WASHINGTON (Reuters) – Apple Inc. and AT&T asked the judge hearing the Justice Department’s lawsuit against Alphabet’s Google on Friday to allow them to designate certain data in the complaint “highly confidential,” to ensure that no one from Google could see it.
The Justice Department, which sued the search and advertising giant in October, put at the core of its antitrust case the billions of dollars that Google paid to be the default search engine on Apple’s iPhones, and Apple noted in its filing that sensitive data was used to write the complaint.
The government is accusing Google of illegally using its market muscle to hobble rivals in a lawsuit that is the biggest challenge to the power and influence of Big Tech in decades.
Google had offered to ensure that any confidential information would be made available solely to two in-house attorneys at the offices of Google’s outside counsel or in another secure manner, adding that it would promptly report any disclosure.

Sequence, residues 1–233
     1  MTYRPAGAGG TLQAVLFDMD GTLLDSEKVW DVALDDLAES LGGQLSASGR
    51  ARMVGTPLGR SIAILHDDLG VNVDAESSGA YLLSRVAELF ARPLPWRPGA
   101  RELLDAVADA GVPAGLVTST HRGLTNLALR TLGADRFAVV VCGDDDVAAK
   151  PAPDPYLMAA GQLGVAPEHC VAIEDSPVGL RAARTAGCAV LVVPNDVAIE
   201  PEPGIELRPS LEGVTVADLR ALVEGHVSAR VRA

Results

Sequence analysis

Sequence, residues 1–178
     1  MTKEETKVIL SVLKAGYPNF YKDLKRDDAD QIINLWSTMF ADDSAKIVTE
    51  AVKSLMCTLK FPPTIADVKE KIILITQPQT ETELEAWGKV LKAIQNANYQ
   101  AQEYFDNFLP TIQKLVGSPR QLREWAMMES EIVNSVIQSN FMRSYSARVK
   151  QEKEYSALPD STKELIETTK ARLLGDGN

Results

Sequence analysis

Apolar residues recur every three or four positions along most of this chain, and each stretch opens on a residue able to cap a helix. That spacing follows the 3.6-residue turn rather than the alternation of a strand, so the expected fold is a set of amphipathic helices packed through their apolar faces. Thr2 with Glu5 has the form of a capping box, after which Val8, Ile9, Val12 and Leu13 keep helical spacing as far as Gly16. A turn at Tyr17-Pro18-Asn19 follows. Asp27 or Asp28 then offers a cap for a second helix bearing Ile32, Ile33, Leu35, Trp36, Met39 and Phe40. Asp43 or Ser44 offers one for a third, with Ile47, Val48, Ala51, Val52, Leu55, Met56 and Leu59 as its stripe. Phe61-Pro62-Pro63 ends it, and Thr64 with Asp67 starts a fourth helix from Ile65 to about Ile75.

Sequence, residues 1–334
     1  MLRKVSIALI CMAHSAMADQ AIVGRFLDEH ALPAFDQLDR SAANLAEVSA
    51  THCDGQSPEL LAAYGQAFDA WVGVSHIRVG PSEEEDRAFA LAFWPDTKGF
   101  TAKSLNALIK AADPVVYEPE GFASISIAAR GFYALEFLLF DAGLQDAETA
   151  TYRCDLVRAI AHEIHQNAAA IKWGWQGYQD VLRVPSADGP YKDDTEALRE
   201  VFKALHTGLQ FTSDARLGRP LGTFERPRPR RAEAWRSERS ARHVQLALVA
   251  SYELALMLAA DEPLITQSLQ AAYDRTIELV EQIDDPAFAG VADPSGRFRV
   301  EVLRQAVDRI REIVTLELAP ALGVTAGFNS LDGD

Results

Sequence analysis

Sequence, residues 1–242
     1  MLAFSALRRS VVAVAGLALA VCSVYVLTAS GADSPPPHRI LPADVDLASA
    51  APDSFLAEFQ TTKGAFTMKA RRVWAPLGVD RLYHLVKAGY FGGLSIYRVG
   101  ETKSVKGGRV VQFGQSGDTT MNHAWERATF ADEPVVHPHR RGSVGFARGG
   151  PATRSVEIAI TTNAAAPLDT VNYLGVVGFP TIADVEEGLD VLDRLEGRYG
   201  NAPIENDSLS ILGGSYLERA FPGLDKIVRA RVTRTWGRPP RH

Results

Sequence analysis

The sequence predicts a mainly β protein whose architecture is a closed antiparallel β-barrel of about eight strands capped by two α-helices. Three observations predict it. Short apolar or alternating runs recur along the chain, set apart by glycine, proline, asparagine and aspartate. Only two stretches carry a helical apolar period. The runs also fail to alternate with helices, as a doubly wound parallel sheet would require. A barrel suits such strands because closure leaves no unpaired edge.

Apple, AT&T, Microsoft Corp., Amazon.com Inc. and others which assisted the government have until Friday to inform Judge Amit Mehta of the U.S. District Court for the District of Columbia how they wanted data to be protected.
Mehta said this week that the trial could last for months.
Apple asked that only Google’s outside counsel be allowed to see any highly confidential data and not any in-house lawyers.
AT&T said in its filing that it would designate as “highly confidential” such documents as those which describe how their offerings in the market might be vulnerable to Google.
Apple said that it had already given the government data on its relationship with Google, and expected to be asked for more, including potentially the terms of deals that Apple struck with other search engines and Apple’s internal deliberations around negotiating the deals.